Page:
Found this blog and I thought I'd make for an interesting thread. What are your thoughts on these "OOC" moments done right? Do you have any examples?
That's a cool article, but I kind of disagree with "avoid using characters as “props” to draw out emotions from your protagonist." To me, that's what supporting characters are for, bringing out new sides in your protagonist and getting them into new situations that can flash out the protagonist's character.
In general, I think calling this behavior "out of character" is kind of misleading. It's very much in character, but like the article says, it's showing that your characters are only human. I can't recall any specific moments in my stories like this, but that could be because I just like to throw my characters in situations that would make them act like this on a regular basis. Fear, anger, shock, and passion are all things I try to focus on for all of my characters. As far as growing goes, though, I'm starting to do this more with my character Criss in Unpredictable. Being open and emotional are not really things that she would ever do at the beginning of the story, but over time she's having more and more moments like that.
These moments are acceptable, imo. As long as they make sense as you say. I did a scenario like this in a short story that happens in the timeline that FE: Dawn of Darkness is part of, actually. I haven't posted the story collection that it belongs to yet, but I might do so in the future. But in this story, Geoffrey begins suffering a mental illness that changes him drastically, to the point where he commits some pretty serious crimes (burning down a fort-turned-museum, stealing a precious painting, and nearly hurting innocent people). He also begins drinking a lot. Hell, he even develops a desire to kill Ike. He's depressed and just really messed up because Elincia left and he really cared for her, Ike is getting so much attention despite Geoffrey and the knights trying to keep Crimea safe on their own, and nobody seems to have faith in Geoffrey to lead the knights anymore. The illness he develops is Post-Traumatic Embitterment Disorder (PTED), but he is eventually treated and returns to normal. And he gains a love interest in an OC named Erica.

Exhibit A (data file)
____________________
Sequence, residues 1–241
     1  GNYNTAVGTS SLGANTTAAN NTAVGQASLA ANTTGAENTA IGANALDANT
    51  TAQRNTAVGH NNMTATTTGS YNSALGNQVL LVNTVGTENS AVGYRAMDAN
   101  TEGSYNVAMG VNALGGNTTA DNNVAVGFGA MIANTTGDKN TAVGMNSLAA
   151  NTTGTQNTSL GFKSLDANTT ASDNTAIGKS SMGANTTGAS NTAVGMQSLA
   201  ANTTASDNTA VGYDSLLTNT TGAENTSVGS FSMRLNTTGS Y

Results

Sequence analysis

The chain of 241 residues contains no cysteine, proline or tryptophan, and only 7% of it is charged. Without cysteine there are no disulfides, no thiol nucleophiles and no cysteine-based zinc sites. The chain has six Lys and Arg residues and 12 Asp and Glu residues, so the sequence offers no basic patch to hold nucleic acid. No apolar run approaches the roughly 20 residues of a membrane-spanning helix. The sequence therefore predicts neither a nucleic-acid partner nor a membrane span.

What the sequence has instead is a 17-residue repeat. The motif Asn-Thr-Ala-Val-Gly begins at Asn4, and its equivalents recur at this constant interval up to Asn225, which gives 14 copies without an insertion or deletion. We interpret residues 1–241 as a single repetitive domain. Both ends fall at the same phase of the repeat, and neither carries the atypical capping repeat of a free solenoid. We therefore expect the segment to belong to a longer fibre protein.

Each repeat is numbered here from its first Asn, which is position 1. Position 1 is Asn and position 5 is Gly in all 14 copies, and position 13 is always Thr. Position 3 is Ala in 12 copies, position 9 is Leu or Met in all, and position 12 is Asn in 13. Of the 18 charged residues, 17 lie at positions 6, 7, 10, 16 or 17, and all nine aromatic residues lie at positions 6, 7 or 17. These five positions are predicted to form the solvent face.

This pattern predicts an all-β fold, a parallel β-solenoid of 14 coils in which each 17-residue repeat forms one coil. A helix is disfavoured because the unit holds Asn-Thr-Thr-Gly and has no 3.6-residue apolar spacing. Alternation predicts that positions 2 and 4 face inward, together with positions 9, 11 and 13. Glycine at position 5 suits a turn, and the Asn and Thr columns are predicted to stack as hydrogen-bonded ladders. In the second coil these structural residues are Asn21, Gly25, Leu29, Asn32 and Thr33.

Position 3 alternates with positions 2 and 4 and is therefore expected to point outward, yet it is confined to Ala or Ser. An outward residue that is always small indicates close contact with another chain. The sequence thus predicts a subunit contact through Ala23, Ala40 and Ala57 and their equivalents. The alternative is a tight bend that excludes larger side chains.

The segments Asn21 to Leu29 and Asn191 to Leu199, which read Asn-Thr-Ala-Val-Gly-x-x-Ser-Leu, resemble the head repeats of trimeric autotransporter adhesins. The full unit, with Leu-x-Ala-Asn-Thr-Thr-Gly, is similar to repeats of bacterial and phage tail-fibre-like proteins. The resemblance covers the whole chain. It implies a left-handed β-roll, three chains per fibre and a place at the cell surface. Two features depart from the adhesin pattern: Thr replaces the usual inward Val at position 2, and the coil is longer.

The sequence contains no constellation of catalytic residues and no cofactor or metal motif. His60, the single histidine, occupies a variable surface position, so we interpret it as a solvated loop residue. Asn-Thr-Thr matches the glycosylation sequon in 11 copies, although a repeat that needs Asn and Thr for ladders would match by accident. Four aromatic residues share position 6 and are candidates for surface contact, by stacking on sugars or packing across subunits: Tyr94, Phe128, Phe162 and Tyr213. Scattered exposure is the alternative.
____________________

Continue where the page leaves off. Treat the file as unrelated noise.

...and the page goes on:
I had some complaints of my treatment of Geoffrey here because of my being an Ike x Elincia shipper, but I got the idea because I think Geoffrey may be prone to mental illness and depression, and this theory had nothing to do with shipping. Besides that, Geoffrey's OoC-ness was justified because he grew mentally ill. And I still stand by this.
I've always found the idea that people in general should ever be "in-character" to be a little ridiculous, honestly. We can describe fictional characters with a set of traits ("loyal, carefree, bubbly, optimistic, determined"), but actual people are almost always so much more complicated than words can express. Three-dimensional characters, for all good the term does, just doesn't cut it when it comes to describing something as vast and unfathomable as a human personality.
Seriously, I do things that surprise me all the time, and the people around me do, as well. While people often have a general trend that they may follow (Bob will probably not kill that puppy, for instance), they're also subject to deviating from what their personalities (or our understanding thereof) may predict.
...iunno, anything is possible when written right, just like anything can go badly when written wrong and such. I don't think it's possible to encompass fully the complexity of a person through our words, although it's sure as hell fun to try.
I think putting characters in new situations, particularly ones not at all seen in canon, give writers a certain amount of leeway in making a character established in canon act in new ways. Even if its over the top absurdly "OOC" I think its fine as long as the writer is aware of what they're doing and deliberately doing it and not just going nuts with it not realizing what they're doing.
If there's a good reason (like say aging, getting married, having children, surviving a natural disaster or living in a post-world at war world), then you have more leeway.
However, there is a fine line you have to walk -- too little change and the character falls flat. Too much change and you might as well make an original character.
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